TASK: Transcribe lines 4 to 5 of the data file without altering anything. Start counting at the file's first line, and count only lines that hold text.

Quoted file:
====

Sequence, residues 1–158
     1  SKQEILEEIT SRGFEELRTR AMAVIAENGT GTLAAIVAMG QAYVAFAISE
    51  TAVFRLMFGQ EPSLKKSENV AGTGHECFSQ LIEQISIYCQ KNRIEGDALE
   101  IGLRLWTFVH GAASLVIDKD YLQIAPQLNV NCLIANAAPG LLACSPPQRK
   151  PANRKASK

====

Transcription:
   101  IGLRLWTFVH GAASLVIDKD YLQIAPQLNV NCLIANAAPG LLACSPPQRK
   151  PANRKASK